Israel’s military defeat last year in Lebanon took the world by surprise. It initially shocked Bush’s Administration as well as Tony Blair who were both very quick and keen to give Israel a green light to destroy Lebanon’s Shia leadership, not to mention obliterating Lebanon’s civilian infrastructure. Bush and Blair weren’t the only ones who came in for a shock, it also stunned the Arab world. Arab leaders are not used to the defeat of the Israeli Army. Moderate Arab leaders found themselves following the TV images in which a single Muslim cleric was teaching Israelis what defiance was all about. Seemingly, Sheik Hassan Nasrallah and an insignificant number of warriors, proved to be the first Arabs to defeat the Israeli Army on the ground. Their victory left Israel in shatters. The Israeli power of deterrence disappeared completely. It became a subject for historical research. The IDF Supreme Command was shocked as well: a month after the war, General Udi Adam, the IDF Chief Commander of the northern front, had resigned. It didn’t take too long for Dan Halutz, the IDF Chief of Staff, to follow his lead. Amir Peretz, the Minister of Defence, was ousted by former PM Ehud Barak. It is rather clear that the Israelis are fully aware of the scale of their defeat in Lebanon. Yet, it seems as if the Israelis do not know how to amend the damage. They are truly in love with their ‘good life’, they are captivated by the image of technology and wealth.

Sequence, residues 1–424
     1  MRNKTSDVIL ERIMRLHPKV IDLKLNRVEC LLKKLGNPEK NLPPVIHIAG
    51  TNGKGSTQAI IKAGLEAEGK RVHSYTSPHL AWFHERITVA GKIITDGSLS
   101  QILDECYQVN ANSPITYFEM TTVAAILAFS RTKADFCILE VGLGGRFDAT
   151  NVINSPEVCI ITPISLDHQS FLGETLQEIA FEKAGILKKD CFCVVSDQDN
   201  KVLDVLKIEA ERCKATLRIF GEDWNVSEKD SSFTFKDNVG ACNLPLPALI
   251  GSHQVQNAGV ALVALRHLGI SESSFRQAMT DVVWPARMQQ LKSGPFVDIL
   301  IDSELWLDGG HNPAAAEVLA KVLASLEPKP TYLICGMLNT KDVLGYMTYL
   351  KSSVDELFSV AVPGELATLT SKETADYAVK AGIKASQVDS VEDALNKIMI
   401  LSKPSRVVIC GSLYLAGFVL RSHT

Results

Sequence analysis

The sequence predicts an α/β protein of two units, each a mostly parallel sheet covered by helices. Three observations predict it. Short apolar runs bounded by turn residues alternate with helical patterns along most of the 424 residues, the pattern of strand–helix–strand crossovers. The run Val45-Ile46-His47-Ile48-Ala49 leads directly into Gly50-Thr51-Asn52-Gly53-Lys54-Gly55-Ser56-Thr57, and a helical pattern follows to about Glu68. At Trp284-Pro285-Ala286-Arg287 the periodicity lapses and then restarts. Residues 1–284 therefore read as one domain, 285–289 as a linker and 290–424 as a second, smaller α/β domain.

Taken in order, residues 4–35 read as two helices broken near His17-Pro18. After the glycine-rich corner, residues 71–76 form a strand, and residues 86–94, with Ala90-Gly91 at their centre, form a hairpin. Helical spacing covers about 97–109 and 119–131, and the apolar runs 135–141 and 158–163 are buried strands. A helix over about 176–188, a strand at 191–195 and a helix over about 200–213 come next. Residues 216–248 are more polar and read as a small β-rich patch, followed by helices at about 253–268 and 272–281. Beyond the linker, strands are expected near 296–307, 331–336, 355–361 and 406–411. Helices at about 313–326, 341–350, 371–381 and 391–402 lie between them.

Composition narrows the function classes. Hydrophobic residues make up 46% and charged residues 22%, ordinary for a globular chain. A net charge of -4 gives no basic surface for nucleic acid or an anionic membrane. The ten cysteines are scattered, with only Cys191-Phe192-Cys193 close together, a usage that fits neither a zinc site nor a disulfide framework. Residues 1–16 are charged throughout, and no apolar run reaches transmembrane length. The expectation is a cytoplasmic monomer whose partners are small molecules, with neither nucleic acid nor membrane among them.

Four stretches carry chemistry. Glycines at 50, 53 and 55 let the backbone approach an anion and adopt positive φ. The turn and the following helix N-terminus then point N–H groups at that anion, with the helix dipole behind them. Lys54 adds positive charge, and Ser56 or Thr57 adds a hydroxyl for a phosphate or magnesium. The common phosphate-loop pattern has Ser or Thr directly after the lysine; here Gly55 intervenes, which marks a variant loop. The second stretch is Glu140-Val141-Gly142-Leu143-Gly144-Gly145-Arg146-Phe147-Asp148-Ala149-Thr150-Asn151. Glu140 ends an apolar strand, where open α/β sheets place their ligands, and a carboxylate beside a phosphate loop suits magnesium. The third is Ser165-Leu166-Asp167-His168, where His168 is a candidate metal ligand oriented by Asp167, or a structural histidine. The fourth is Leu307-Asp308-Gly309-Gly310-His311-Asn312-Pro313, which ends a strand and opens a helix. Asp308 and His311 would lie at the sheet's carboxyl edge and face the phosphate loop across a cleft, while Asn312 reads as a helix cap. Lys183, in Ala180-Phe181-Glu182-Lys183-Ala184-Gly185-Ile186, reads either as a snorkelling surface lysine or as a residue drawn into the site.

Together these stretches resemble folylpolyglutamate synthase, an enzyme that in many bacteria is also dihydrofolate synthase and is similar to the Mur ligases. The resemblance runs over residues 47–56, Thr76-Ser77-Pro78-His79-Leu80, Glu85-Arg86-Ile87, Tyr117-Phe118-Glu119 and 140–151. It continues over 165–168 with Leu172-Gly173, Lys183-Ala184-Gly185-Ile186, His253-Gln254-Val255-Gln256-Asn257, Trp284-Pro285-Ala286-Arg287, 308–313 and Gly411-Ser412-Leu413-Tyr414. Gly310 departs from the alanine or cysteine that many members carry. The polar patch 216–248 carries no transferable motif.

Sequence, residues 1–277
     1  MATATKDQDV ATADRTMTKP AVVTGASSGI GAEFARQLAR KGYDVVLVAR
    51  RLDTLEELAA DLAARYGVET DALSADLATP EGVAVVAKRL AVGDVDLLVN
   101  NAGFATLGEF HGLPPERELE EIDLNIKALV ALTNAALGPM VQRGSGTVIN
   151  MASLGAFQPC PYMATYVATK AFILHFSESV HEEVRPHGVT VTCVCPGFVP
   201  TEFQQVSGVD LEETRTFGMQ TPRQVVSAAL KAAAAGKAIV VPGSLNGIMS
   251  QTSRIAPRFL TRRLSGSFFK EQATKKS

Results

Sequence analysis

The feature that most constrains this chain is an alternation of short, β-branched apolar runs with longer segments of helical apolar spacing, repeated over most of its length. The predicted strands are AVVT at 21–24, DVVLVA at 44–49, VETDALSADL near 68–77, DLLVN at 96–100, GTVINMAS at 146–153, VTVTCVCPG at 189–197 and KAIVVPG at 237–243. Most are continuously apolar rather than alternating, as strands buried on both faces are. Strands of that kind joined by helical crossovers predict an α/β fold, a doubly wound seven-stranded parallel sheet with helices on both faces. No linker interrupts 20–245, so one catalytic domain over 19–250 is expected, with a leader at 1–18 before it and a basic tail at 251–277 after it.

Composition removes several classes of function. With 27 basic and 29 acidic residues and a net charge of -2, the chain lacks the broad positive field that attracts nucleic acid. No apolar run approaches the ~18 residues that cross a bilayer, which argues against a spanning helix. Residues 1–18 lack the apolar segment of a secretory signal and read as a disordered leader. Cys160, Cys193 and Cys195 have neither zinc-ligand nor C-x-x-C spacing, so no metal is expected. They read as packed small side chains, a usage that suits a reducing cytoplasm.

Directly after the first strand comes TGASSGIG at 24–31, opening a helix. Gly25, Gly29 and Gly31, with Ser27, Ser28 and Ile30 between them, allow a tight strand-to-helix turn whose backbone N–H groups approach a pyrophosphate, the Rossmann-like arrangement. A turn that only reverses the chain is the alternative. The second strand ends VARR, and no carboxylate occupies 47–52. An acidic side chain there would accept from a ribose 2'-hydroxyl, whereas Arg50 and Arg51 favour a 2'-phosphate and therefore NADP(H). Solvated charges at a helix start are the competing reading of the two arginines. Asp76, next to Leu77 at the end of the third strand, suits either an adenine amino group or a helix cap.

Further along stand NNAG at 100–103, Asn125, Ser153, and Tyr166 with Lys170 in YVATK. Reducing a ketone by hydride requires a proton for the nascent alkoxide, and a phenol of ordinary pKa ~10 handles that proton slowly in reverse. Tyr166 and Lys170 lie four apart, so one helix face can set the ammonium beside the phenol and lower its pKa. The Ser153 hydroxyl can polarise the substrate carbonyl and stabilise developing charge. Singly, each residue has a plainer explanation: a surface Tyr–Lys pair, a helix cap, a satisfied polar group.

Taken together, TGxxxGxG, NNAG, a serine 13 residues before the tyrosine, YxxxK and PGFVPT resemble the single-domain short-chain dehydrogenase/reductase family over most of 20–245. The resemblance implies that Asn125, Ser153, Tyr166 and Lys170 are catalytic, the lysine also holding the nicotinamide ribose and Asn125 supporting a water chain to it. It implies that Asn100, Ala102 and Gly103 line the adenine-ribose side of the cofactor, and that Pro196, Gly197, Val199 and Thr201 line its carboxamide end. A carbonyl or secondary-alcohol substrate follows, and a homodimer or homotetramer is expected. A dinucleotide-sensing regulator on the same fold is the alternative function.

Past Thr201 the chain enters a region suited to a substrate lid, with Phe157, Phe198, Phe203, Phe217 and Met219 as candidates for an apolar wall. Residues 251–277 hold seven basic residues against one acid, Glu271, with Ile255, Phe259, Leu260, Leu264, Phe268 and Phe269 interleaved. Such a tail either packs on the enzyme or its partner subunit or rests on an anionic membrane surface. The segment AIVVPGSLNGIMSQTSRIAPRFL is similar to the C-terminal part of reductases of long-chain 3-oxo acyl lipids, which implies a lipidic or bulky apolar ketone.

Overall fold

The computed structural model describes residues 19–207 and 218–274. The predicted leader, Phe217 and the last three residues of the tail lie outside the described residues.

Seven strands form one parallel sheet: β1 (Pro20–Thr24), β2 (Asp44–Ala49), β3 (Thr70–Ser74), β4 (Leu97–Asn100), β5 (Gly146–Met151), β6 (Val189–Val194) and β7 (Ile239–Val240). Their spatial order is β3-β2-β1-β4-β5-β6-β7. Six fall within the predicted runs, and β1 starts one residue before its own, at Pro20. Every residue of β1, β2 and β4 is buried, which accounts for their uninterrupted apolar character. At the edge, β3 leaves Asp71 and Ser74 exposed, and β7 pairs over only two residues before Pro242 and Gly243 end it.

Though I am not so sure whether the book is going to be translated into other languages (it is in Hebrew), I would classify this book as a ‘must read’ for anyone who is interested in the affairs of this region. The book is a glimpse into Israeli society in what seems to be its final dysfunctional yet destructive state. I am convinced that those Americans who have been moronically sponsoring the Israeli death apparatus for almost four decades, those who still believe that Israel is a ‘regional super power’ better read this journal of Israeli military cowardice and general political malfunctioning.